The current drought in Somalia has formed a strong milestone for the work of the Organization of Islamic Cooperation (The OIC) in the region; especially after the establishment of the OIC Humanitarian Affairs Department during the Islamic summit in Kampala, 2008.
Only three years after its establishment, the Humanitarian Affairs Department has become a distinguished entity. Valerie Amos, Assistant Secretary-General of the United Nations for Humanitarian Affairs expressed the desire of her organization to expand the scope of work with the OIC in different parts of the world and in Somalia. In October 2010, The OIC managed to sign its agreement with the UN World Food Program which enabled it to open an office in the Somalian capital in late March- a month before the official announcement of Somalia's famine crisis.
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According to officials at the Secretariat General of the OIC office in Jeddah, the big challenge that faced humanitarian activities in the Muslim world was revolved around the stalemate in the workflow system of Islamic relief organizations, especially after the events of September 11. Since then, more legal restrictions tied Islamic relief organizations, as a reuslt funds became very limited. In turn, the ability of most relief organizations to meet the needs of the affected spots became restricted.
Despite such hardships, the OIC has succeeded in expanding its humanitarian activities in Gaza Strip, Yemen, Pakistan, Indonesia and Gergstan, Niger, Darfur, reaching to Afghanistan and other Muslim countries
Nevertheless, the aid campaign for Somalia was a turning point that attracted the attention of the international community to the possibility of forming a strong partnership with the OIC- specially for helping communities that suffer from disasters and political and security deterioration.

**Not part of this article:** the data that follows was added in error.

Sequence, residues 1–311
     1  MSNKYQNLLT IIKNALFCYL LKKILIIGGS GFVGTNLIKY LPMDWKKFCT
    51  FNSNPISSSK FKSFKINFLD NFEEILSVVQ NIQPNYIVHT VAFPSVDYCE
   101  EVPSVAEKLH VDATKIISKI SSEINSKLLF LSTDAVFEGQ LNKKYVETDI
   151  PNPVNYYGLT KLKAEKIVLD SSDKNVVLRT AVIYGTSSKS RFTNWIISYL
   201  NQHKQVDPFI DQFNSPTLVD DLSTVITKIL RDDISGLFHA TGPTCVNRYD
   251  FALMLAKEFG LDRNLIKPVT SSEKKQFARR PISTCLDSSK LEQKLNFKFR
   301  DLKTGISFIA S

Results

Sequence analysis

Challenges Still remain
Mr. Ataa al Mannan Bakheet, Assistant Secretary General for Humanitarian Affairs Department of the OIC Organization says, “Great international interest in the Organization's work in Somalia reflects a global confidence in its role as a guide to the humanitarian action in the Muslim world, as well as a guarantee to ensure the objectivity of humanitarian activity”
According to Mr. Bakhit, “The international organizations did not only praise the OIC's role. But it even pursued more cooperation”, pointing out to Raj Shah, Director of the United States Agency for International Development who praised the OIC organization in a meeting about Somalia, which was held in the United Nations on September 24.
It is worth mention that about 27 organizations from different Member States of the organization are working under the umbrella of the OIC, as well as organizations representing Muslim minorities in the United States, Britain and South Africa.
Speaking again about Somalia, Mr. Bakhit pointed that the return of displaced Somali persons and refugees in the camps is essential in the process of rehabilitation, especially as the agricultural season is facing great harm in the absence of hundreds of thousands who fled to nearby areas of Mogadishu.
The challenging question remains about the ability of the OIC to continue mobilizing the support of governments and public opinion of millions of Muslims to the victims of Somalia. It is also about the durability of this capacity to cope with the disasters facing many Islamic countries- knowing that 230 million of the world population who are living in poverty ,are living in Muslim countries.